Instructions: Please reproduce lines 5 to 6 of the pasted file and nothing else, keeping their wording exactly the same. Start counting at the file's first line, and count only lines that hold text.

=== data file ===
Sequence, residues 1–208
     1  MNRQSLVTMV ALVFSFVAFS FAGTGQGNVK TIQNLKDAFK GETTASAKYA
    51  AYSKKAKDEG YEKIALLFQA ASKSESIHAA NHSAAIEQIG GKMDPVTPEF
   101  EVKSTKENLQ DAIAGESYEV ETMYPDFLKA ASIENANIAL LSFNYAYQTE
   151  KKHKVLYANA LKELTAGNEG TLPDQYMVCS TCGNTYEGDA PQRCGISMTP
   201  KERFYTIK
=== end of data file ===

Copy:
   151  KKHKVLYANA LKELTAGNEG TLPDQYMVCS TCGNTYEGDA PQRCGISMTP
   201  KERFYTIK